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Oslo mayor wants different US envoy

Oslo’s popular mayor, Fabian Stang, said Sunday he thinks it’s about time the US sends a “professional” career diplomat to Norway as its new ambassador. Stang is not impressed with US President Barack Obama’s choice of a Greek-American contributor to his re-election campaign, and intends to let him know.

Incumbent Oslo Mayor Fabian Stang has kept his job for the next four years. PHOTO: Høyre
Oslo Mayor Fabian Stang has made it clear he wishes US President Barack Obama would send a “professional” ambassador to Oslo. If Obama’s campaign contributor George James Tsunis gets the job anyway, Stang said he’d make the best of it, while other critics fear Tsunis will lack respect and credibility in Norway. PHOTO: Høyre

“It’s not very often that I think about writing a letter to the American president,” Stang told Norwegian Broadcasting (NRK) on its nationwide nightly newscast on Sunday. “I know that he has a lot of other things to think about than the American ambassador to Norway.”

Stang had nonetheless decided, nearly six months after Obama’s wealthy campaign contributor George James Tsunis fumbled badly at his US Senate confirmation hearing, that Tsunis is not the right person for Obama to send to Oslo.

“He (Tsunis) is surely a fine man and has surely done an excellent for himself and for Obama’s election campaign,” Stang told NRK. “But given what we saw from his hearing (before the US Senate’s Foreign Relations Committe in January), he doesn’t seem very interested in Norway.”

Tsunis’ hearing began well when he read from a prepared text, but under questioning from tough opposition senators including John McCain, whom Tsunis once had supported before defecting to the Obama campaign, Tsunis referred to Norway’s political leader as a “president” instead of prime minister and, most glaringly, dismissed members of Norway’s conservative Progress Party as “fringe elements” who “spew their hatred.” Tsunis was apparently unaware that the Progress Party won 16.3 percent of the vote at Norway’s last national election and now shares government power with the Conservative Party. Party members demanded an apology, and US Embassy officials in Oslo had to resort to damage control.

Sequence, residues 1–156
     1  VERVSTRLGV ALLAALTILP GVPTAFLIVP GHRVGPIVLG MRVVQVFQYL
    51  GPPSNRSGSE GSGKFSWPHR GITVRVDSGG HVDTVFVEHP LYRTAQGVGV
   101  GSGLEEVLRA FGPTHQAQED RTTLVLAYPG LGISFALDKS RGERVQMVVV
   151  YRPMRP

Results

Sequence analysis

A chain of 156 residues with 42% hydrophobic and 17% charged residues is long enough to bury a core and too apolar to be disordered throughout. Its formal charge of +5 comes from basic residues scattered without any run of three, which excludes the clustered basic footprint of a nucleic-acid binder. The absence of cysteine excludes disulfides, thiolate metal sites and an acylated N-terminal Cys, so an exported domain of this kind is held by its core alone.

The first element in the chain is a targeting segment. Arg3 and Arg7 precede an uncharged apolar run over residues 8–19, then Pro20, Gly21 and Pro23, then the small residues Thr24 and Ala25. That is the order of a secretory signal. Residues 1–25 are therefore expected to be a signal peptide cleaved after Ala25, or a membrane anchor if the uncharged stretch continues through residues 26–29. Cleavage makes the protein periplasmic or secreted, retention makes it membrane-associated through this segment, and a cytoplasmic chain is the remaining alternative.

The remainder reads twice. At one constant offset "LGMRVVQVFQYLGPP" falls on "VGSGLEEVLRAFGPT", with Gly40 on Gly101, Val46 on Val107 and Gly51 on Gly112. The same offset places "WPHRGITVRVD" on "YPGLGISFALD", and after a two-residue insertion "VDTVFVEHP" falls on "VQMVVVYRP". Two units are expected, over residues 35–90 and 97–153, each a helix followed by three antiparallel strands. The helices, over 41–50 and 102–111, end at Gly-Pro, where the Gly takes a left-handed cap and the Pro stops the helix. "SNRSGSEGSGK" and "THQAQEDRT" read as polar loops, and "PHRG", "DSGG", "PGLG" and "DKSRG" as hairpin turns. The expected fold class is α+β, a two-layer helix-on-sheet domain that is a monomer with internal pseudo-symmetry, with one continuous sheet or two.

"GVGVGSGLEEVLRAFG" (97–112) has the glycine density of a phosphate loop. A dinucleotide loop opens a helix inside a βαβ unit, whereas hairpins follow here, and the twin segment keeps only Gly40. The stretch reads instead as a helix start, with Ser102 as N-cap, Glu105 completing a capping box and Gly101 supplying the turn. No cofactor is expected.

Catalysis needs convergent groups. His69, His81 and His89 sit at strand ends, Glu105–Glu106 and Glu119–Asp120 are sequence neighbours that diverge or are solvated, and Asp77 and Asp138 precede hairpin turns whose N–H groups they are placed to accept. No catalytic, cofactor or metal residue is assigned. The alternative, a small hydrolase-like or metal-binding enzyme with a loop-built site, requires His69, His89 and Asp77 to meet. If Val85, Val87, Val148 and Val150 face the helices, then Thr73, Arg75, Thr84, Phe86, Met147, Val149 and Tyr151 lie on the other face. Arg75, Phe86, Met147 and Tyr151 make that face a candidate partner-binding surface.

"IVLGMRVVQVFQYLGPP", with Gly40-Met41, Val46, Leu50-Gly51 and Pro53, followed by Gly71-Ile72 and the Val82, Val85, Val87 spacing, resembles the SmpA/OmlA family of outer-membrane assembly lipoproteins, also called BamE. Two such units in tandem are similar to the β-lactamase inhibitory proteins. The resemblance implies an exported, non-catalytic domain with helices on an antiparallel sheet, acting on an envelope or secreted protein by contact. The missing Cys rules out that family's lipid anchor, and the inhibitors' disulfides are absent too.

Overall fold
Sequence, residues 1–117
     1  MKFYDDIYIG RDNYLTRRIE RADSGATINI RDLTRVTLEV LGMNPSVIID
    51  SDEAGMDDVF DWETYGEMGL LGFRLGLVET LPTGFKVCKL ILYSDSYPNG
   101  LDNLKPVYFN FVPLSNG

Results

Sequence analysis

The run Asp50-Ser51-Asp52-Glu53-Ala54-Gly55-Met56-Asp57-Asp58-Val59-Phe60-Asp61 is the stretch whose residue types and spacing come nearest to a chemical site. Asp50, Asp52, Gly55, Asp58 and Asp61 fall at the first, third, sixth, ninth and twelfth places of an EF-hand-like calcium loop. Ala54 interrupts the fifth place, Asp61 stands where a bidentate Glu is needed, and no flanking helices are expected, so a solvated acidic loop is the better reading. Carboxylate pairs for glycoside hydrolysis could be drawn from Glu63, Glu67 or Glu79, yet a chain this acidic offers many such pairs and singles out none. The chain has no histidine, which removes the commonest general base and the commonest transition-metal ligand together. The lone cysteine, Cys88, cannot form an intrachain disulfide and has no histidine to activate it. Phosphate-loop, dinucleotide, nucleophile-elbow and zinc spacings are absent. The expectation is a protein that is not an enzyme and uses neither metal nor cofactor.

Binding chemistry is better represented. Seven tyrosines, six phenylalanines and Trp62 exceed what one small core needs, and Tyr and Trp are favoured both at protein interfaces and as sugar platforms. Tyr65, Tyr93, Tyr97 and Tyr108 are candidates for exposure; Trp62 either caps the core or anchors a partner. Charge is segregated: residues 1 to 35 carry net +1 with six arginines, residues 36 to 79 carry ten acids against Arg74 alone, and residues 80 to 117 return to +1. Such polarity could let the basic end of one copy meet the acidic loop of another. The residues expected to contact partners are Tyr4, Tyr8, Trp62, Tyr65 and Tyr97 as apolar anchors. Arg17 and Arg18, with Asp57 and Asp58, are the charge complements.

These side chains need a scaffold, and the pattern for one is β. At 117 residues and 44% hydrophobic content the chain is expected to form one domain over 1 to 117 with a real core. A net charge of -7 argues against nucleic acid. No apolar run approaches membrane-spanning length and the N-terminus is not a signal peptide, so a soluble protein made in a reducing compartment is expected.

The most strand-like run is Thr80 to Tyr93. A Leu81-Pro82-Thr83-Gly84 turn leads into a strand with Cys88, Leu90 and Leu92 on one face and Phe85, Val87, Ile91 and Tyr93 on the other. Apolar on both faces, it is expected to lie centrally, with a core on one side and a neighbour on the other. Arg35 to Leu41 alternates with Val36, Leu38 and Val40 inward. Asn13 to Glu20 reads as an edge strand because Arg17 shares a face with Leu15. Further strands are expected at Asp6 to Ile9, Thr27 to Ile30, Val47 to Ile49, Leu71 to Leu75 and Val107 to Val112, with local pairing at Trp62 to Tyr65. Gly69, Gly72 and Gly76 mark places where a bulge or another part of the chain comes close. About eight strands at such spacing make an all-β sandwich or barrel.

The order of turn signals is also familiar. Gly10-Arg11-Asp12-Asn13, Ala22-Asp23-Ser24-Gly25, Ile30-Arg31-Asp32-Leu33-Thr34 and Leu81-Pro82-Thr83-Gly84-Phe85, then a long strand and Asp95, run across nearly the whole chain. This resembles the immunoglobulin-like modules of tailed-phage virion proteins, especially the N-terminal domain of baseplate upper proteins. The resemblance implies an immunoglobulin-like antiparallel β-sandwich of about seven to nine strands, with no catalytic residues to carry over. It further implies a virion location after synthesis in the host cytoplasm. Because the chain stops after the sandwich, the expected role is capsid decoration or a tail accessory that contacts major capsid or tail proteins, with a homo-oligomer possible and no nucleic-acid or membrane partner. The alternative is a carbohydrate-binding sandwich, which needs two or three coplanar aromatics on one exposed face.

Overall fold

George J Tsunis had a rough time during his US Senate confirmation hearing to be the US' next ambassador to Norway. PHOTO: US Senate
George J Tsunis at his disastrous US Senate confirmation hearing in January, when he made so many blunders that his nomination to be the US’ next ambassador to Norway is under attack on many fronts. PHOTO: US Senate

Tsunis hastily apologized for his blunders but the damage was done, and his senate confirmation has been stalled ever since. As Norwegian-American organizations also lobby hard to get Obama to withdraw Tsunis’ nomination, the US Embassy in Oslo remains without an ambassador. It’s been more than a year since Obama’s last ambassador Barry White, also a major Democratic campaign fundraiser for the Obama election campaign in 2008, was called home in order for Obama to reward another political supporter with a prestigious ambassador’s post.

It’s unclear why Stang, who represents the Conservative Party, waited nearly six months to interrupt his summer holidays on Sunday to suddenly tell NRK that he was unhappy with the prospect of Tsunis as the new US ambassador to Norway. Some political commentators in Norway criticized Stang’s initiative Sunday evening, saying it won’t strengthen Norwegian-American relations and that foreign relations should be left to the state government, not a city mayor. “You can just imagine what Norwegians would think if the Americans tried to influence who Norway should send as ambassador to the US,” Eirik Løkke, an adviser with the political think tank Civita, told NRK. “I think it’s unwise of Stang to get involved in this.”

Stang is far from alone, however, in his criticism of Obama’s choice and thinks the US President should finally send an envoy who’s a professional diplomat instead of a political crony.

“The comments made by the man chosen to come to Oslo makes us ask whether the US is sending a professional ambassador,” Stang told NRK. “I think it will be very sad for Norwegian-American relations if the Norwegian people are made to feel like second-class citizens by getting an unprofessional ambassador. So I’m evaluating whether to politely ask whether we don’t deserve a professional ambassador.”

Both US senators from Minnesota, home of the largest concentration of Norwegian-Americans, have already come out against Tsunis’ nomination. Several other senators have also criticized the choice and it remains highly unclear whether Tsunis will receive the 51 votes he needs to be confirmed with the slightest of majorities in the US Senate. If he fails, it will be a major embarrassment, not least for Obama.

Speculation has flown that Tsunis will withdraw himself, and spare Obama the embarrassment of a potential defeat. Tsunis earlier has admitted he was embarrassed himself over his misstatements at his hearing, and would try hard to make up for it when, or if, he finally arrives in Oslo.

Norway’s government officials have mostly stayed out of the fray, at least publicly, but Stang said he’d informed his party fellow Børge Brende, Norway’s foreign minister from the Conservative Party, that he planned to write to Obama. Brende, who was traveling constantly last week literally from one end of the world to another as he flew from meetings in South Africa to hosting France’s foreign minister on Svalbard, had no direct comment but the foreign ministry released a statement saying that “we look forward to the US appointing its next ambassador to Norway. The choice of ambassador is up to the US. Apart from that, it’s not natural for Brende to comment on Stang’s remarks.” Berglund



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